The ads were so successful that the commercial actors are appearing in a successful series of interactive websites written and produced by GEICO's in-house creative team at [http://www.cavemanscrib.com Caveman's Crib] and most recently, [http://www.iheartcavemen.com iHeartcavemen] . A spin off TV series, titled "Cavemen" and starring new actors, debuted on ABC Television in October 2007 [ [http://www.variety.com/article/VR1117960384.html?categoryid=1300&cs=1 ABC developing 'Cavemen' - Entertainment News, Pilot Watch, Media - Variety ] ] to overwhelmingly negative critical reaction.

My Great Rides

In 2007, GEICO also launched a social networking site, [http://www.mygreatrides.com My Great Rides] , for motorcycle owners. My Great Rides is a place for cycle owners to share stories about trips they have taken on their bikes, as well as post pictures of their motorcycles, and comment on other members stories and pictures.

GEICO Racing

The number 7 car of the NASCAR Nationwide Series is driven by Mike Wallace and is sponsored by GEICO. Commercials involving the race team are of a young boy, played by actor Eddie Heffernan claiming to be a relative of Mike Wallace and being a better driver. The boy says, "When people see Mike Wallace and the Geico number 7 doing well, they'll think of saving a bunch of money on car insurance. But when they see me, they'll say, 'There goes Lauren Wallace; [http://www.geicoracing7.com/photos.html Geico Racing] the greatest thing to ever climb into a racecar.'"

The commercials are sometimes presented in an interview fashion, where an unseen narrator speaks to the ambitious go-kart driver. "What do you think of Mike Wallace?" the child is asked, to which he responds, "Whatever, he's out there selling car insurance, I'm out there to win." When questioned on his relation to the NASCAR driver, Lauren shakes his head and concludes, "I didn't say I wouldn't go fishing with the man, all I'm saying is if he comes near me, I'll put him in the wall." To which the narrator questions him, "You don't race in the Busch Series." Lauren replies "Listen, go-kart track, grocery store, those ; when it comes to Mike Wallace the story ends with me putting him in the wall."

New ads in this lineup include Lauren referring to himself as being, "100 miles away and ready to strike," and "lightning in a bottle."

The success of those ads resulted in the launch of an interactive website written and produced by GEICO's in-house creative team at [http://www.geicogarage.com GEICO Garage] . The site includes cameo appearances by Lauren Wallace and drivers Mike Wallace, his daughter Chrissy Wallace, Speed TV's Tommy Kendall, Paul Tracy, Christian Fittipaldi and Max Papis.

15 Minutes Online

Another series of advertisement features separate YouTube videos of seemingly nonsensical actions, such as a hallway mattress fight, or a highly unusual collection of expressions uttered by a webcam user (YouTube's Brandon Hardesty). As the videos continue, an announcer states, "There may be better ways to spend 15 minutes online." Similar to the 'Stupid Things' ads, these commercials are also often aired back-to-back.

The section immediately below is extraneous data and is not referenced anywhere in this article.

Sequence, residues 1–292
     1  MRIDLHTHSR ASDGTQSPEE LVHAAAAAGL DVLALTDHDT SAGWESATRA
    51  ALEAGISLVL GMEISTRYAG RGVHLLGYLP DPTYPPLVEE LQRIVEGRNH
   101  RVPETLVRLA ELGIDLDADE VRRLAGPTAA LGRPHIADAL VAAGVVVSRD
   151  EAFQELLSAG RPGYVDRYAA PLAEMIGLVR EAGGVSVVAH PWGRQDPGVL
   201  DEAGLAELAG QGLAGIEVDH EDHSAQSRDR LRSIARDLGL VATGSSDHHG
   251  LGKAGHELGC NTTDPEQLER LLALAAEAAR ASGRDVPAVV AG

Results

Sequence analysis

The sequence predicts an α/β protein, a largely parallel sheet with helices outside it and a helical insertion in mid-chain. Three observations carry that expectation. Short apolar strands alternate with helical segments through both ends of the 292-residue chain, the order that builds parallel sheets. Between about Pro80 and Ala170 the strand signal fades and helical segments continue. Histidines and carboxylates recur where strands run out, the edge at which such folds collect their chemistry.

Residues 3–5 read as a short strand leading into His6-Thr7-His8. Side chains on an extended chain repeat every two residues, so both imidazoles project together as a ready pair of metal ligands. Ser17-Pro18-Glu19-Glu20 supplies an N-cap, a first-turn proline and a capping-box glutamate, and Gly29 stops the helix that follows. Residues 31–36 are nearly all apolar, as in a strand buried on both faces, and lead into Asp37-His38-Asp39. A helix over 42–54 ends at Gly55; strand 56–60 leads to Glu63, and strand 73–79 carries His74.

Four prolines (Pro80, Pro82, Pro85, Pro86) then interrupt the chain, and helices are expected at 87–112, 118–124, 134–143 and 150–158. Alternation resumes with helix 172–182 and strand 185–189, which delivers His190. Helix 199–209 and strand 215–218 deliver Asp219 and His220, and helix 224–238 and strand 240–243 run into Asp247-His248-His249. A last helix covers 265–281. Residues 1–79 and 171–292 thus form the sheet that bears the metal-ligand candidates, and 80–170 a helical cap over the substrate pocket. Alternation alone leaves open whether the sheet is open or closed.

TRS: The Real Scoop

Introduced in September, 2007, this series of ads features an "E! True Hollywood Story"-type show about famed fictional characters such as Fred Flintstone, Jed Clampett, and even a Cabbage Patch Kid named Ben Winkler claiming to have their cars (the Flintmobile, Jed's 1923 Oldsmobile truck, and a Plymouth Reliant, respectively) insured by GEICO, featuring interviews with made-up investigators (however, the Ben Winkler spot does not have an interview). These commercials were voiced over by narrator David O'Brien.

Competition

GEICO's major competitors include State Farm, Allstate, Progressive, Nationwide, and USAA. Progressive is particularly countered in their commercials, with many GEICO commercials countering Progressive's claims of being able to quote their rates and those of several of their competitors' rates by stating that GEICO quotes are only available at GEICO.com.

College Recruiting

Current college student can apply for paid summer internships that involve working on projects and interacting with management. Undergraduate seniors and graduate students can apply for the prestigious Emerging Leaders Program. Emerging Leaders are full-time employees that rotate through several departments while working on projects to be prepared for management positions. More information can be found at [http://careers.geico.com/college_recruiting] . According to Business Week's "The Best Places to Launch a Career 2008", Geico was ranked #62 out of 119 companies featured on the list. [http://bwnt.businessweek.com/interactive_reports/career_launch_2008/index.asp]

References

External links

* [http://www.geico.com/ GEICO] official website